The stock 1999 GS400 has a 300Hp engine. The chip and free flowing intake gives it an extra 30HP (looks like that translated to an extra 25HP at the wheels per the dyno chart.) Like Baratcus said, a claim of an extra 10HP for a 55 HP motor seems high. That's almost a 20% increase in power. On the Lexus with a 300HP V8 with both a chip and intake upgrade the improvement was only 10% in power with the SRT kit.

Swift Racing Technologies - High Flow Intake System with Race ECU

UPDATE: Spoke with SRT tech. Need to pull out the chip box too. With the stock airbox the car will run like crap and trip the check engine lights if the chip box is not bypassed. Oh well, off to the electronics store to buy a high quality 6 pin connector...
 

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That is different from the Volo chip which claims to modify the fuelling using the OBD2 port. Out of curiosity, how is that box meant to be wired? its obviously meant to modify the characteristics of one of the sensors but which one?
Incidently they didn't need the Maxim chip or the crystal so I expect they're just there to make it look more complicated - either that or they're not very good at electronic design.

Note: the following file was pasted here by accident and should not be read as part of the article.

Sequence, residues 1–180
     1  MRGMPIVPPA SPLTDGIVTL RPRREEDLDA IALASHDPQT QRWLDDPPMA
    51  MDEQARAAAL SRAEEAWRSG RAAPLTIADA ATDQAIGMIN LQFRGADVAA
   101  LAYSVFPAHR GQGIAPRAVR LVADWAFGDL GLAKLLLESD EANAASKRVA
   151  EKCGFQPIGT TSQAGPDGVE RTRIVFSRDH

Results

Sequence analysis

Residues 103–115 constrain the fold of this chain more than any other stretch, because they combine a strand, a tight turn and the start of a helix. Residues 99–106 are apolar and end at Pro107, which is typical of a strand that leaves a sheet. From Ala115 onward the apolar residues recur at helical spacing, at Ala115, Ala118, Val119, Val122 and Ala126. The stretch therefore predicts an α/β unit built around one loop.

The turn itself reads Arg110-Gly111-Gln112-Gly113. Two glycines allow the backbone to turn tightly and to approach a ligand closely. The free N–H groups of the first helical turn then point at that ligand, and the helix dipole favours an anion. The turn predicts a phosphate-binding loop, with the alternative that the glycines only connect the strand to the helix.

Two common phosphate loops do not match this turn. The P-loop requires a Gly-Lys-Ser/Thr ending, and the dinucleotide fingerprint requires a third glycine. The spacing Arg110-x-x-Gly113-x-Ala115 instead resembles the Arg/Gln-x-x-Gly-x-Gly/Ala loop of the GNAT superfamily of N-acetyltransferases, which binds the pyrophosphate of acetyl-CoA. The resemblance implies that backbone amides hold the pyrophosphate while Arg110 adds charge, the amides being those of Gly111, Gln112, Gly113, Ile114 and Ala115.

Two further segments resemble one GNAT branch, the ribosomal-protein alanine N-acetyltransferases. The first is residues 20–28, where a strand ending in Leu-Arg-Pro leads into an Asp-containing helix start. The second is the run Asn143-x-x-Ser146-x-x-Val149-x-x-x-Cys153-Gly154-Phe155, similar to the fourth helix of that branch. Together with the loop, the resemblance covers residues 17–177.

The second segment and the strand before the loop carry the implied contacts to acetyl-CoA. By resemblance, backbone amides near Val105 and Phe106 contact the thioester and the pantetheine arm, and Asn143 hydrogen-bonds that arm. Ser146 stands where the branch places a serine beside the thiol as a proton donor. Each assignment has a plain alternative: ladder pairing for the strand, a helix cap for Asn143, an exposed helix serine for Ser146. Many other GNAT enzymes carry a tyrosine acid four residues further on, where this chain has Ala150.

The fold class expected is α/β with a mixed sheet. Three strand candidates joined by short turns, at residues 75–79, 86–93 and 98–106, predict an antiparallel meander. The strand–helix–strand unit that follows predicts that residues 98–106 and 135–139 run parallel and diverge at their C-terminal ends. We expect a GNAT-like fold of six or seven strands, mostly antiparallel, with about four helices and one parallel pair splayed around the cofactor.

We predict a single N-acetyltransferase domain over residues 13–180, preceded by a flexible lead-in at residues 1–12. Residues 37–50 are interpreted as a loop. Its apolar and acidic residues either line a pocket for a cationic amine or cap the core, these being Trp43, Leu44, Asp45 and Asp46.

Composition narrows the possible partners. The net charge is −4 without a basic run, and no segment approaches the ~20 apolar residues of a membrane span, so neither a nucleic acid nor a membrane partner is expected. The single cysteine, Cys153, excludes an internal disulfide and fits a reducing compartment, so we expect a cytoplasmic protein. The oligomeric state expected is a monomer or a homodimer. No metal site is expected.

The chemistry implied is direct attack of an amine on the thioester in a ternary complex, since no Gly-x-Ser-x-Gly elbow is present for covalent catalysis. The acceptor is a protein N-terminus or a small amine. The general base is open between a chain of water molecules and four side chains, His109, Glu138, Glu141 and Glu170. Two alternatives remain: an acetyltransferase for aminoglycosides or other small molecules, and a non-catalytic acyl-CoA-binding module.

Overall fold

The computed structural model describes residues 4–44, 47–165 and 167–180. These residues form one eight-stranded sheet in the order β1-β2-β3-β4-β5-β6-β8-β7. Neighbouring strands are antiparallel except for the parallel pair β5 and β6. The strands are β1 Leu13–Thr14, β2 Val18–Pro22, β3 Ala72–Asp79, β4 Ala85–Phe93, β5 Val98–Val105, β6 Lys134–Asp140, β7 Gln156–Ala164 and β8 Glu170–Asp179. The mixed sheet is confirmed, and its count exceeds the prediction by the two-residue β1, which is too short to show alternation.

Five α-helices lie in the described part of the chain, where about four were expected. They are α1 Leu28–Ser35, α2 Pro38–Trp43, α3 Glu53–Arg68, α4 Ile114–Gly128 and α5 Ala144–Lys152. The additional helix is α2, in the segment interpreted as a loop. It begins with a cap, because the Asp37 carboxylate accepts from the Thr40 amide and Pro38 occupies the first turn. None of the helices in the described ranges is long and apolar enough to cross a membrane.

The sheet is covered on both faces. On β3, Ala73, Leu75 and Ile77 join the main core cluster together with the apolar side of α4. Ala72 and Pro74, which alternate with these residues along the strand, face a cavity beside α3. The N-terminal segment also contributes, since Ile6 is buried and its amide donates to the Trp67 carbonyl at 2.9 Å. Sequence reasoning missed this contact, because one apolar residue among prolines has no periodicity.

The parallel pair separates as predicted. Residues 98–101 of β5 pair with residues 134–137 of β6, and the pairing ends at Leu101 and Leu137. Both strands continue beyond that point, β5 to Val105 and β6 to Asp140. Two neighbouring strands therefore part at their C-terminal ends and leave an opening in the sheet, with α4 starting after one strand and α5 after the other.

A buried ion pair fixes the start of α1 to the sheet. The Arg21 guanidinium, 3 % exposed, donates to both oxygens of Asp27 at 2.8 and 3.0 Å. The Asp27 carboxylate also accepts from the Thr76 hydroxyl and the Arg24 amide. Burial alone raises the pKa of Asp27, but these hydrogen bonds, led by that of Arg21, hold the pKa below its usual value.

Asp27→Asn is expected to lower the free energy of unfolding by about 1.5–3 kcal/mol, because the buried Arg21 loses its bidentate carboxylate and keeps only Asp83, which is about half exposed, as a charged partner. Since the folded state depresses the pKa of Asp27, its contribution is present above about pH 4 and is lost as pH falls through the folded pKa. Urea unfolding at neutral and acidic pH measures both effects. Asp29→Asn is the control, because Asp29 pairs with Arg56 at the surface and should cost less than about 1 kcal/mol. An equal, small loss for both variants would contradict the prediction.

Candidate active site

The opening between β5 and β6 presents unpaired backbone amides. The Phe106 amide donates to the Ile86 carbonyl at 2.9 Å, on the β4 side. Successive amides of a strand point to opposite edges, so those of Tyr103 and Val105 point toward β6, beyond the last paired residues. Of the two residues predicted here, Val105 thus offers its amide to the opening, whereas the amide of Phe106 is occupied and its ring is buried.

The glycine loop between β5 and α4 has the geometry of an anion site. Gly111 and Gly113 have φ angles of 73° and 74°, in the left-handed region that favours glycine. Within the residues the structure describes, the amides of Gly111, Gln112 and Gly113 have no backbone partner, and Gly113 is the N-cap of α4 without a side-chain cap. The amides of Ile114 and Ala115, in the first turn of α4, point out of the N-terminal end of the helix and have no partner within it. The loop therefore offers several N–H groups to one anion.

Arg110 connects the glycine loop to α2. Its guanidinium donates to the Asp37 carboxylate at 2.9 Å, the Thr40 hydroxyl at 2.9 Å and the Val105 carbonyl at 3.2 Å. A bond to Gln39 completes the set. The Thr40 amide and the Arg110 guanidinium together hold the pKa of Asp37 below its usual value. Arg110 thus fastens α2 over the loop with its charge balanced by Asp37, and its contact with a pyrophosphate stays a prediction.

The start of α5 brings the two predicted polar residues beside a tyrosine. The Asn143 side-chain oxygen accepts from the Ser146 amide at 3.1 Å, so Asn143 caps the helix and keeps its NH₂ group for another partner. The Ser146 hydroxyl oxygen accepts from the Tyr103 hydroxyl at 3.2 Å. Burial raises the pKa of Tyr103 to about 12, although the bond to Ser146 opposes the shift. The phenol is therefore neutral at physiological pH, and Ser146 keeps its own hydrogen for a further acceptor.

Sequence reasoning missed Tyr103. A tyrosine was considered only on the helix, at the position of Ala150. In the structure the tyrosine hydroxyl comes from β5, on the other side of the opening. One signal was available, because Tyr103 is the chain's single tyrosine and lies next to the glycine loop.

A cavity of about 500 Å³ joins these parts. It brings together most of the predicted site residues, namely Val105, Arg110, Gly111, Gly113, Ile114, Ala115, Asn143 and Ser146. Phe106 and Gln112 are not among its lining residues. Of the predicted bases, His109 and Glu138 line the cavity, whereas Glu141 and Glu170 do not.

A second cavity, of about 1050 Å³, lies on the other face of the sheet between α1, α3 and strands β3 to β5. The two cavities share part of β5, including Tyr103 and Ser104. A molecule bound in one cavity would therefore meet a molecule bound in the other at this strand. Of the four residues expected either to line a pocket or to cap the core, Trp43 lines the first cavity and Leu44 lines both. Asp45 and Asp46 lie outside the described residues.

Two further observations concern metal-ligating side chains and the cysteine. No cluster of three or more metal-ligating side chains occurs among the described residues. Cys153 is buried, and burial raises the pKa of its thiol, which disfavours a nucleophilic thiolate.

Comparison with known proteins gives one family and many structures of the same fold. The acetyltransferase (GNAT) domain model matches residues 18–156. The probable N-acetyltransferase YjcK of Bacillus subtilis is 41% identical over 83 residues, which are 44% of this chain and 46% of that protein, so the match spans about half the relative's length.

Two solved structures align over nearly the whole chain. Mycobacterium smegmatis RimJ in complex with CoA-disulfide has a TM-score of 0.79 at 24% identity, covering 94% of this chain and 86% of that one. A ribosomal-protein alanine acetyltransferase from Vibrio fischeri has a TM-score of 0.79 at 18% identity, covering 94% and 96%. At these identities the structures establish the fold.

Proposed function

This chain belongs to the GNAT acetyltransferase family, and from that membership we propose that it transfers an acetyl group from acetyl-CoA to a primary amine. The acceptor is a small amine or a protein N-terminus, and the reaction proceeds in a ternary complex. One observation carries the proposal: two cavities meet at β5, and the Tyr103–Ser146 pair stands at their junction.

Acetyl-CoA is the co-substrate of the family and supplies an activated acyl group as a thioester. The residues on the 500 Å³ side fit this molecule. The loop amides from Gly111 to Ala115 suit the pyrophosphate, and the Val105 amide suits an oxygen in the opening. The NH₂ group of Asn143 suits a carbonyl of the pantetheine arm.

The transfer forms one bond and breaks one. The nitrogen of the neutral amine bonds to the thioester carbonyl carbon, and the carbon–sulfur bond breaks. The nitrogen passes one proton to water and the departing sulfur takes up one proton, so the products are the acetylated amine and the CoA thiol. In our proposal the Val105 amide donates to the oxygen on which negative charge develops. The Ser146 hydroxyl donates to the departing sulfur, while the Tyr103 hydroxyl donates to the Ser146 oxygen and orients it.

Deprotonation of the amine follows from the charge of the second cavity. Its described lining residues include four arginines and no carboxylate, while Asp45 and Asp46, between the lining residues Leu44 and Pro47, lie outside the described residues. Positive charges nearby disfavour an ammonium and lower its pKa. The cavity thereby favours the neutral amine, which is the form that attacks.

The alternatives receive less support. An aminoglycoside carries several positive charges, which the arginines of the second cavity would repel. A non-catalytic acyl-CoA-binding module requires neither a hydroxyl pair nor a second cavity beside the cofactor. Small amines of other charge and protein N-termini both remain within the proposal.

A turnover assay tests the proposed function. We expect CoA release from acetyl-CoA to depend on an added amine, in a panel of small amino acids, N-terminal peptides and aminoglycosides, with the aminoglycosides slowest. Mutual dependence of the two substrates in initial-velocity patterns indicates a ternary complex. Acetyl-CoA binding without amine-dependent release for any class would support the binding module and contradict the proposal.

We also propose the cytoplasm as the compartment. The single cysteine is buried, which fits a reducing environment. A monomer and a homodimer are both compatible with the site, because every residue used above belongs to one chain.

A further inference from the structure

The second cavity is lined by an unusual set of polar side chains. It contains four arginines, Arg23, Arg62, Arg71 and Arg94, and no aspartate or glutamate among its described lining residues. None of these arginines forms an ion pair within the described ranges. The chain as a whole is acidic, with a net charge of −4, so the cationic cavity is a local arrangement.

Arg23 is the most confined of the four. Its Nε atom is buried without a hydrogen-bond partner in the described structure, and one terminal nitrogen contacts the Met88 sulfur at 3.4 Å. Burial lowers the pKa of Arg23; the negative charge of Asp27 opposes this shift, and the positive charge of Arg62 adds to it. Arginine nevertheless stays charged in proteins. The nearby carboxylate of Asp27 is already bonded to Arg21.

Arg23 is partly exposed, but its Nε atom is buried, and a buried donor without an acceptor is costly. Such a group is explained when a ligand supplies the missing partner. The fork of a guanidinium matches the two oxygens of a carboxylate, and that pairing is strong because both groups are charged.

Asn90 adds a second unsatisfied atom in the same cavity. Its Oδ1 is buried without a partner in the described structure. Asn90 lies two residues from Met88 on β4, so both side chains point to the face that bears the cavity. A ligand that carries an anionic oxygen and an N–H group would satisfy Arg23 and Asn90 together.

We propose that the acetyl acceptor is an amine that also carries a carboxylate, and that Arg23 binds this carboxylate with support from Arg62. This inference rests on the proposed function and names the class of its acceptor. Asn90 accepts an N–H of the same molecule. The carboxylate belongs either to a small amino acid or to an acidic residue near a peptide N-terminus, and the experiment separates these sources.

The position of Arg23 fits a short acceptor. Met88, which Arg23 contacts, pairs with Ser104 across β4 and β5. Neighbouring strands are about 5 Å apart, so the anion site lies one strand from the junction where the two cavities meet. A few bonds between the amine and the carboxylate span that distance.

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I can barely figure out what reisitors to use with LEDs for proper voltage so I'm talking a little out of my rear here. Most cheap "chips" only have two leads coming out of a box which connects inline between the cold air intake sensor. The SRT has 6 leads so based on their description of what their fuel computer does, my guess if that it is connecting to the power, ground, tach, and something regulating the fuel air mixture. I think the directions only told you what color wires needed to be spliced vs the function of each wire. Here is their description of their chip.

".... (Advanced Air Flow Computer). The AAFC wires inline with the factory wiring harness and modifies the Air to Fuel ratio throughout the entire RPM and Load range of the car. It has 350 points of adjustment, the result: superior consistent performance gains with crisper throttle response, better fuel economy and no check engine lights."